–          Some were concerned that the Bus Station layout and existing canopy are not being retained, and that there was nowhere in the consultation to keep them. This issue was laid out in the previous public consultation, with the TfL evidence showing that two way working would require a changed layout to the bus station. However it was very clear from that consultation that a vast majority wanted to keep the bus stops together for convenience, ease of change between bus, tube and train and for safety reasons. As you will see from the proposed layout this has been achieved and what we will keep focused on is the need to keep space between stops covered.

–          Some people asked why the Our Vauxhall scheme has not been modelled and presented as something which they could comment on through the consultation. The closure of South Lambeth Road has been modelled by TfL following the previous consultation and the evidence shows that it would add too much traffic pressure on the other three Vauxhall roads. Whilst as a local resident I can appreciate the benefits of a new public space as has been proposed, the need to keep traffic flowing, bus journey times down and to ensure improvements for the whole of Vauxhall does not make this a viable option for TfL. I am also concerned about increased rat running through Bonnington Square and Langley Lane if South Lambeth Road were to be closed.

–          There have been questions about TfL proposing this because of an alleged property interest on the Island site and the desire to build two large towers. This is simply not true. The Island site is owned by private developers and has already received planning permission (under appeal) for two towers which is unrelated to TfL. TfL do own the land where we will be seeing interchange square as well as the bus stops, but what they intend to build is of very limited capacity and includes shops in central Vauxhall which people have been crying out for as long as I have been a Councillor in Vauxhall. The detail of this is yet to come forward as a planning application but of course the public will be able to comment and influence the design.

Transport for London have also responded to some similar issues raised here https://consultations.tfl.gov.uk/roads/vauxhall-cross/user_uploads/vauxhall-bus-station-faqs.pdf

The consultation closes on January 17th so please have a look and let TfL know how you think this will affect your commute to work, your feelings as a pedestrian, a driver or a cyclist and what more you want from your town centre.





Goodbye gyratory. Hello a better Vauxhall

For the last half a decade, Vauxhall Labour has been campaigning for a better Vauxhall: a place where it is nice to live, where people will come work and boost our local economy, and where people will choose to eat out with their families or meet with their friends. For too long Vauxhall has been missing out as people travel to Vauxhall only to catch another bus, tube or train to another area. In the meantime, families living in Vauxhall have had to look out onto an ugly, noisy one-way gyratory – an antiquated system where cyclists continue to die and where pedestrians are forced to make several crossings across dangerous lanes of traffic in order to reach the public transport stations. Vauxhall can be better. Vauxhall will be better.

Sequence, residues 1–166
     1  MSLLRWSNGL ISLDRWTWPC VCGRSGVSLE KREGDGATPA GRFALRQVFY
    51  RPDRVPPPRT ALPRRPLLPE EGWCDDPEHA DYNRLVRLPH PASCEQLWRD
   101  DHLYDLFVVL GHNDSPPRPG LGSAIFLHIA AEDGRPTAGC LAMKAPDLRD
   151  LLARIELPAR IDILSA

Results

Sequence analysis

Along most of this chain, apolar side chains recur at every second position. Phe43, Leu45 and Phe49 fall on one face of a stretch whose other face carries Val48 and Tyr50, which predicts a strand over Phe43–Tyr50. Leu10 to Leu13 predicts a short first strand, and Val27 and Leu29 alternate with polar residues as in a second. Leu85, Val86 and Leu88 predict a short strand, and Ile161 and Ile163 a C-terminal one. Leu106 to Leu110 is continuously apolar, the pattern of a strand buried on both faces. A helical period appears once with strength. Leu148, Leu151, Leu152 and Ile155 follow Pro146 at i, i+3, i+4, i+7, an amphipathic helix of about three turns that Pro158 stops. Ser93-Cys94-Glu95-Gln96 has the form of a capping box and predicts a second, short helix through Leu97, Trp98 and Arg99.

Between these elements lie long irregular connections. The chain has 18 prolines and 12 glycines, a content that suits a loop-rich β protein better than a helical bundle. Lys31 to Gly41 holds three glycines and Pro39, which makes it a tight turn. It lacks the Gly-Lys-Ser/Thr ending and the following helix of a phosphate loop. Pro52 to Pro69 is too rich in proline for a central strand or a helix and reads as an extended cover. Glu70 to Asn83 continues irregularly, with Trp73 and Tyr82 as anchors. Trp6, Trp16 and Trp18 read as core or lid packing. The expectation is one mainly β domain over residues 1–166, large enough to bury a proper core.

When I was first elected in 2010 existing Labour Councillors in Prince’s ward (Cllrs Mark Harrison and Stephen Morgan) had already been hammering TfL’s door down to make Vauxhall safer. When Jane Edbrooke and I were elected we joined the fight and made it clear that removal of the dangerous gyratory was the only option we wanted, not one of the 30-odd half-measure options put to us by TfL. It took us three years to get TfL to agree. And now we have an option which enables Vauxhall to be the better place it can be: removal of the gyratory to create a two-way system making it safer for cyclists and motorists alike, retention of a centralised bus stop station, shorter bus journeys, a safer and more pleasant environment for pedestrians, and a thriving town centre with shops and cafes at the heart of Vauxhall.

Removal of the gyratory is obvious. It’s unsafe for cyclists and pedestrians, it’s noisy, dirty and smelly – no one wants a six lane motorway with 1000s of cars and lorries speeding around all day long in their town centre. My parents-in-law think Vauxhall is great because it’s a great place to explore London from. If it wasn’t for my wife Jo and I, they would spend their visits to London eating out in Westminster: they would never have considered Vauxhall a place to spend their leisure time (and money), and Bonnington Square café, the Riverside or Coriander would not have had a look-in.

The proposed scheme is a huge improvement for pedestrians. Taking out the gyratory and putting two-way lanes means that cars travel at much slower speeds and in a more managed way. Six extra crossings tames the traffic and makes crossing Vauxhall whether you are from Wyvil and want to enjoy Vauxhall City Farm or Ashmole Estate to go to the River.